Not if you respect your razor and pay attention. Any type of shaving involves pulling a sharp blade along your skin, so there is always potential for a nick. The common disposable drugstore razor has dull blades; this means you rarely cut yourself, but it also means you get razor burn, ingrown hairs and have to buy a new razor every couple of shaves. Our razors use sharp, individual blades. They cut hair cleanly without dragging on skin. It is important to learn the weight and length of your razor and respect that it can cut you if you don’t take the time to learn what you are doing. Wet shaving is an art form and skill. It’s not difficult to learn, but it is important to know what you’re doing.
Well I guess…. but why? Next time you’re at the drugstore read the ingredient label of a can of foam…. gross. Could you pronounce any of those “ingredients”? Canned foam consists largely of chemicals and air and doesn’t properly protect the skin, often leaving it itchy and red. Our Copper Hat shave soap is all-natural and amazing for your skin. We formulated it and test it ourselves to make sure it lathers just right while moisturizing and protecting skin.
Shaving brushes are traditionally made from badger hair which is used because it is very soft and water absorbent. Our badger hair comes from China, where badgers exist in large numbers and are considered pests because they burrow in farmers fields and can injure livestock (kind of like gophers on the prairies). Farmers sell badger pelts and some of the pelts are made into shaving brush heads. In addition to badger hair, we also make horse hair brushes. Horse hair is not as soft as badger hair, but it lathers soap quickly and makes an excellent brush for those without skin sensitivities or for lathering legs. The horse hair used in shaving brushes is trimmed from the mane and tail of a live horse.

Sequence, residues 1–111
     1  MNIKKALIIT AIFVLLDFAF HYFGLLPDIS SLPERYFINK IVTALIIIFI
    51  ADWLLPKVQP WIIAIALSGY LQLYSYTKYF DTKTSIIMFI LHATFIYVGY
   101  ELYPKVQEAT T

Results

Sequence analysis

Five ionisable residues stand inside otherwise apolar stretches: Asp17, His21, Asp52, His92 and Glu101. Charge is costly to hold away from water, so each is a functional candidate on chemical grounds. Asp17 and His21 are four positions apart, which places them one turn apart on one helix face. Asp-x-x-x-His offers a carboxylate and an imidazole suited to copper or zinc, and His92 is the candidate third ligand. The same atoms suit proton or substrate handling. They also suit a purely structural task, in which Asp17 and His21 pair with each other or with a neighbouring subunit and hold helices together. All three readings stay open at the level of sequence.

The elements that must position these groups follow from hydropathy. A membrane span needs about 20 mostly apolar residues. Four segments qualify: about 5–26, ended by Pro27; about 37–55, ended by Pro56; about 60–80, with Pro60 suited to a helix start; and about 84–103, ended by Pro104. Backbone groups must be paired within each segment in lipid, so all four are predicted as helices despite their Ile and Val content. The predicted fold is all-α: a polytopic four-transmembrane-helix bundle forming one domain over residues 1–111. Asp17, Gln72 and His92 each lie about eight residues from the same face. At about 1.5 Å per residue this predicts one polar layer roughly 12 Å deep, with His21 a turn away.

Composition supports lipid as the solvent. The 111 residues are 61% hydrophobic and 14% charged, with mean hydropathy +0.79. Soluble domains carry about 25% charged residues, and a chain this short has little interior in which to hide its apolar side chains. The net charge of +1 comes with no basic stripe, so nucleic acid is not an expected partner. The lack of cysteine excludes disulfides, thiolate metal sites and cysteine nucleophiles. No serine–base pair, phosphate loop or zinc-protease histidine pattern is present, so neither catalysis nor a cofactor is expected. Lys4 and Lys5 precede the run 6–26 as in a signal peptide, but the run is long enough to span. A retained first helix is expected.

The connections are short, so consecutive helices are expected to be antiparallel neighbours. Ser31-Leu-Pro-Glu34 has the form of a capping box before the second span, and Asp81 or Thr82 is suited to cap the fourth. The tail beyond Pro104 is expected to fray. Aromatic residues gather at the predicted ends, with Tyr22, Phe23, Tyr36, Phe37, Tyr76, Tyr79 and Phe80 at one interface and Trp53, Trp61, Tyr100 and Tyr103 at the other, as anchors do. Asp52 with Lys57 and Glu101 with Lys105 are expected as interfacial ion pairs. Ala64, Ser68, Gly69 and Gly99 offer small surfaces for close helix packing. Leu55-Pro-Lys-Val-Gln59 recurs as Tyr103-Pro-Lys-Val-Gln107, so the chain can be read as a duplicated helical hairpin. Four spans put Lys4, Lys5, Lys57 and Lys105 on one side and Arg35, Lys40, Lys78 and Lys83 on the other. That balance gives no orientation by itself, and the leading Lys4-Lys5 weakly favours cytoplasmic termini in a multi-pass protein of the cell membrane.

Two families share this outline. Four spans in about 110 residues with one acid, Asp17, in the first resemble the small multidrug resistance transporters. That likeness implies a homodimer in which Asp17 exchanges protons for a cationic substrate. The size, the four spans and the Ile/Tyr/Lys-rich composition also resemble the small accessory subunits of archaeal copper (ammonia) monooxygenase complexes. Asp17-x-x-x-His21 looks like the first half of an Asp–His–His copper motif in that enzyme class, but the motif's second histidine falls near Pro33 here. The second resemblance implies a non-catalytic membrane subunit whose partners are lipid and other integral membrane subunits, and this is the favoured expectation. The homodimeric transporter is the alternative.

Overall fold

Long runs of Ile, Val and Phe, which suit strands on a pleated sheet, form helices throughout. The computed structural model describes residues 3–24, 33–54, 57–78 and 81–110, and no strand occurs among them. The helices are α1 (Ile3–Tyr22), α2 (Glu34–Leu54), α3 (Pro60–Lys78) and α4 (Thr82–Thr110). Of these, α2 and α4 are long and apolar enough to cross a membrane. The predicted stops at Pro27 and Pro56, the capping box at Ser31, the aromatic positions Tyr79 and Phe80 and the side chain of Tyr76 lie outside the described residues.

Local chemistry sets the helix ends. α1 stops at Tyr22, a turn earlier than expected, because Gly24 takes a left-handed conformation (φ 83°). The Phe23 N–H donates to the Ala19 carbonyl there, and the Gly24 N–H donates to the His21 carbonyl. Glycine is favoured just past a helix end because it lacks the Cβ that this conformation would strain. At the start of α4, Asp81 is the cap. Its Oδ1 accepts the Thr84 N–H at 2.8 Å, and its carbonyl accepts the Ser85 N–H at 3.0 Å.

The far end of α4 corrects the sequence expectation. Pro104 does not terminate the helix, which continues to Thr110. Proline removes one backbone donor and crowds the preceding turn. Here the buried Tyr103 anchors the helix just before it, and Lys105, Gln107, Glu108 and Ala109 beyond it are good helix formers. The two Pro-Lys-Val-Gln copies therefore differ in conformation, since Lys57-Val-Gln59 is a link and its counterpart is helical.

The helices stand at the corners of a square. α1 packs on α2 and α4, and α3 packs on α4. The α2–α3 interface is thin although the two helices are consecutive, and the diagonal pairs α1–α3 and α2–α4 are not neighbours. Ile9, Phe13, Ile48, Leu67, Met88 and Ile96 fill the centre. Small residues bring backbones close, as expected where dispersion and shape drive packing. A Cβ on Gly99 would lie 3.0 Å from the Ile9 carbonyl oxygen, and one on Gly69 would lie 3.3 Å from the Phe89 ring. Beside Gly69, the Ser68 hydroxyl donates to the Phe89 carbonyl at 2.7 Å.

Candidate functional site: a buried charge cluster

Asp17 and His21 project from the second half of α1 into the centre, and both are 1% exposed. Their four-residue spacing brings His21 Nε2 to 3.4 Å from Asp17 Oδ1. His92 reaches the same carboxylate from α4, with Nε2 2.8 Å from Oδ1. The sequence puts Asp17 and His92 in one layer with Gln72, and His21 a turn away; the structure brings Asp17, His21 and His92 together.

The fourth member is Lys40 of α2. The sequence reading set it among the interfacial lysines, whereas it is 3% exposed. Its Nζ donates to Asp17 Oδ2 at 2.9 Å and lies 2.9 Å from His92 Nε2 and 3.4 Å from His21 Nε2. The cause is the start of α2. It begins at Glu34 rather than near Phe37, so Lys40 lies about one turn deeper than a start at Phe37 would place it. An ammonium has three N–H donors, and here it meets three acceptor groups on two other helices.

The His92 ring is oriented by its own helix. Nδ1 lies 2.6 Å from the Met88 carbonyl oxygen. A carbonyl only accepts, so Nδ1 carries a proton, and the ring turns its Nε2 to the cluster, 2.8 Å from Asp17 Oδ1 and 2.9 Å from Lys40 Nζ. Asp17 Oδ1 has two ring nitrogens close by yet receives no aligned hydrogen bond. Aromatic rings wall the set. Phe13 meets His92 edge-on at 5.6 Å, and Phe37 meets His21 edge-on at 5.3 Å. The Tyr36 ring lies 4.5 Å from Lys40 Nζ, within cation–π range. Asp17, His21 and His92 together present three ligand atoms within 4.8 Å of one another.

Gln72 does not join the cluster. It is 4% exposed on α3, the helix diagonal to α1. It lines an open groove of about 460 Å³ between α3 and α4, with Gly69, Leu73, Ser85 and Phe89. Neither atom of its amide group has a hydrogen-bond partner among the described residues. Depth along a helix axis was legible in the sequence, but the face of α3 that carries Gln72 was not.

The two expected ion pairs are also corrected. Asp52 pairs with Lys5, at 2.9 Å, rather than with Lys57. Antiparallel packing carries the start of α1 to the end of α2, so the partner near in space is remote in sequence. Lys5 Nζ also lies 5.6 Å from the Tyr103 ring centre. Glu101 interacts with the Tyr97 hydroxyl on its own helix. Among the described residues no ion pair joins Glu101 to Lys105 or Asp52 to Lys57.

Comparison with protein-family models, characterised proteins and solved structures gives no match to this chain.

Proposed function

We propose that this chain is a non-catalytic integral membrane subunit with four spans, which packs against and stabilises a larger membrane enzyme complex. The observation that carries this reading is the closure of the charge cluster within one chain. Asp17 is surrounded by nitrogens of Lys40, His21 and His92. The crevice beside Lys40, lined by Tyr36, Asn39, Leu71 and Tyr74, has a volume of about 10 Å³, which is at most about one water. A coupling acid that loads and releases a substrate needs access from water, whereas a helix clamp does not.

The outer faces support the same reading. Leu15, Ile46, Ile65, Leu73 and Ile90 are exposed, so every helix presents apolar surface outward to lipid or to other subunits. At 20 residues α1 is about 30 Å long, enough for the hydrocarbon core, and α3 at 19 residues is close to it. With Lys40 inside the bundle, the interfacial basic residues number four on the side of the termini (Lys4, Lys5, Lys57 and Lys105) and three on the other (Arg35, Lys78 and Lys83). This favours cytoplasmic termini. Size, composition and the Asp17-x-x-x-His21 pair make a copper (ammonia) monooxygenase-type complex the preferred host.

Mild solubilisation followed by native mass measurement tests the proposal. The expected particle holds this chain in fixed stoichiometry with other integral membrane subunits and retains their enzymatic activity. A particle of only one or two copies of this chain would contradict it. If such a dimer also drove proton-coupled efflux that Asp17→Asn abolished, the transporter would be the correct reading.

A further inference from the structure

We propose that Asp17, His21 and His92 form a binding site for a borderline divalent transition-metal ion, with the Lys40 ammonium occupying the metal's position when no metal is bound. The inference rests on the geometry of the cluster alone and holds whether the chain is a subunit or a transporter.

Watch what you are Throwing Out. Drugstore cartridges are composed of a number of different plastics and metals that cannot be separated and recycled. Disposable razors are even worse. Our safety razors take individual blades that are recyclable (check with your community recycling program on how to recycle sharps)!
The Brush Makes all the Difference. Canned shave foam is full of chemical ingredients and can contribute to razor burn and ingrown hairs. Our all-natural shave soap is formulated to moisturize your skin while the shaving brush distributes lather evenly and helps raise hairs for a closer shave. A brush exfoliates skin, removing dead cells and leaving skin properly prepared for your shave.
Quantity Does Not Equal Quality. As you draw a 5 blade cartridge over your skin, the first blade acts as a snowplough, dragging your shaving cream with it. Now, multiple blades are shaving unprotected skin; that is like dry shaving over and over again every time you use that razor! The result: irritated skin smeared with a gooey substance deposited by your cartridge to camouflage razor burn.
It is an Art. Wet shaving is all about slowing down enough to get a quality shave that you enjoy rather than rush through. It allows you to customize a shave routine that suits you perfectly. And man oh man does it ever look cool.